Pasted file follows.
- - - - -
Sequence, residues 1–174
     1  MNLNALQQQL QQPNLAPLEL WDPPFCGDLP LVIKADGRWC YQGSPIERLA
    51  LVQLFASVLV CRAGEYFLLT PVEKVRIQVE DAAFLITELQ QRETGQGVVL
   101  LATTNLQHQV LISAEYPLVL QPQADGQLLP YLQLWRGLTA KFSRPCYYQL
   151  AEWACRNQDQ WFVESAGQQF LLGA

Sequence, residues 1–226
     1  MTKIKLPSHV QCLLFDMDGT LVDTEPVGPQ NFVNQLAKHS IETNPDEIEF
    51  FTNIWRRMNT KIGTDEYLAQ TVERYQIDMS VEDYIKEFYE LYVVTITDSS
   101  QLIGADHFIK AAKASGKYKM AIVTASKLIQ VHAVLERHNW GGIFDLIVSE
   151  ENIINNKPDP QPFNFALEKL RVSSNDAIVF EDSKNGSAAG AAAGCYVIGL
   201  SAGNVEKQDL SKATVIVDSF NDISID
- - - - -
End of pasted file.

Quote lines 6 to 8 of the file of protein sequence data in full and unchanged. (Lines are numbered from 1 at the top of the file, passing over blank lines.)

Sequence, residues 1–226
     1  MTKIKLPSHV QCLLFDMDGT LVDTEPVGPQ NFVNQLAKHS IETNPDEIEF
    51  FTNIWRRMNT KIGTDEYLAQ TVERYQIDMS VEDYIKEFYE LYVVTITDSS